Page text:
For Switzerland, the withholding tax represents what is now widely seen as an attempt to postpone having to exchange information automatically, as most European Union member states do.
“I think in 20 years, we won’t be able to avoid automatically exchanging information,” outgoing UBS chairman Kaspar Villiger told a business and political audience in Zurich this week.
As finance minister more than 10 years ago, Villiger backed a stiffer version of money-laundering regulation as a pre-emptive move against mounting pressure on banking secrecy, he said.
While withholding tax deals represent an opportunity for Switzerland to reposition itself as a haven for clean money, the British and German pacts are expected to cost Swiss banks as much as 47 billion francs in withdrawals by wealthy clients, according to Booz & Company analysis.
Bankers say it stands to reason that if the United States, with whom Switzerland is also locked in negotiations over alleged American tax cheats with offshore accounts, is able to prise thousands of sets of data out of Switzerland, other countries will follow suit with demands.
Cracks on the Swiss side emerged recently when finance minister Eveline Widmer-Schlumpf referred to a “Plan B” in the German talks, without elaborating.
Smaller Swiss banks may weigh up alternatives
Raising the issue of automatically exchanging data, as is common with the European Union bloc countries, was tantamount to heresy in Switzerland until very recently.
Raiffeisen boss Pierin Vincenz caused a stir last month when he broke ranks with fellow bankers to question whether an automatic exchange of client data would ultimately be less cumbersome than negotiating and implementing a host of deals.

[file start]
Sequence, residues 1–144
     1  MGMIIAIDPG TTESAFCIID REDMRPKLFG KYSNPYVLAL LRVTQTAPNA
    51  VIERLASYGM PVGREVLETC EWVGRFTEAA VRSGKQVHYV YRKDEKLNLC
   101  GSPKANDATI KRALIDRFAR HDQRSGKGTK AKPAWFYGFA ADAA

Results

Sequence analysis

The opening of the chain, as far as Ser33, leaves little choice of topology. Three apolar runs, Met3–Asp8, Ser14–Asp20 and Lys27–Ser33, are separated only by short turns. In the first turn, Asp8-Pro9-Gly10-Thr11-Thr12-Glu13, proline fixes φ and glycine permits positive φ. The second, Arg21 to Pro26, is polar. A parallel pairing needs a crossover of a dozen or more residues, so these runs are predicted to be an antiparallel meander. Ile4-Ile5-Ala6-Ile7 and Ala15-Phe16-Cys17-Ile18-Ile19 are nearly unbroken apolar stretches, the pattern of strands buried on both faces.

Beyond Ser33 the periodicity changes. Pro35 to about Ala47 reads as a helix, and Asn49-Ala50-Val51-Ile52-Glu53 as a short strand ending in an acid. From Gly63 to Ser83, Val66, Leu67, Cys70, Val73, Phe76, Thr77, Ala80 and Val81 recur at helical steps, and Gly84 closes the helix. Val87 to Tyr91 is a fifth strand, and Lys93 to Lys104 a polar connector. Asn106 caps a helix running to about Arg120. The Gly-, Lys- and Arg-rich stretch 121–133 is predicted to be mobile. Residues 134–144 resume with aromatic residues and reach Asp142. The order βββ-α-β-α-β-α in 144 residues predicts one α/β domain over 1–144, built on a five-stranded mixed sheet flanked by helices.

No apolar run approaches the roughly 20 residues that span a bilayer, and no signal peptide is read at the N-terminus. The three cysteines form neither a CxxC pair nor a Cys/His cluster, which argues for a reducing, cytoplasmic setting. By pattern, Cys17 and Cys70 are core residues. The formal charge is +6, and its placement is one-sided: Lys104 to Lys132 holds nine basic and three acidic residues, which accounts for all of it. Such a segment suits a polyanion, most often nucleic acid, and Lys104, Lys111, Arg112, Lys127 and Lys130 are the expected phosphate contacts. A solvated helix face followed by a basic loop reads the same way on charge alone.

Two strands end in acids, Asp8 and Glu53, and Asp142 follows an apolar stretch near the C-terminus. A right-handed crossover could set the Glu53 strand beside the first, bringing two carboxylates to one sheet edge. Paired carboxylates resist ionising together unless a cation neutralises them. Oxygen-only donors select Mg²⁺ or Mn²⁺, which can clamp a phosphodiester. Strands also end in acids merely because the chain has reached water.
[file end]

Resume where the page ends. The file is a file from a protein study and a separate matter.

“The exact costs aren’t clear as long as long as negotiations are ongoing, but a series of individual agreements will translate into horrendous administrative and compliance costs to the point of threatening the existence of some smaller banks, which is why many of them have lost interest entirely in the withholding tax idea,” said Boris Zuercher, Zurich-based chief economist for the pro-business think-tank Avenir Suisse.
Switzerland’s banking lobby has estimated the industry-wide costs for Swiss banks to levy the German and British tax at 500 million Swiss francs, a sum which would rise if Switzerland is successful with its strategy of striking similar deals first across Europe, then further afield.
The Swiss bourse SIX has already set up a “tax messenger” platform based on securities trading, an effort to share the burden of additional costs as a result of the tax levy.
Earlier this month, the European Union effectively backed down on its resistance to the deals after their demands were met. Switzerland agreed to impose a 35 percent tax on the interest earned on interest income, far higher than the just over 26 percent the German agreement calls for.
The difference is a sort of “premium for anonymity”: the taxpayer can ask for the difference to be reimbursed provided he or she comes clean and declares offshore funds at home. ($1 = 0.9142 Swiss francs) (Additional reporting by Matthias Sobolewski and Gernot Heller; Editing by Alexander Smith)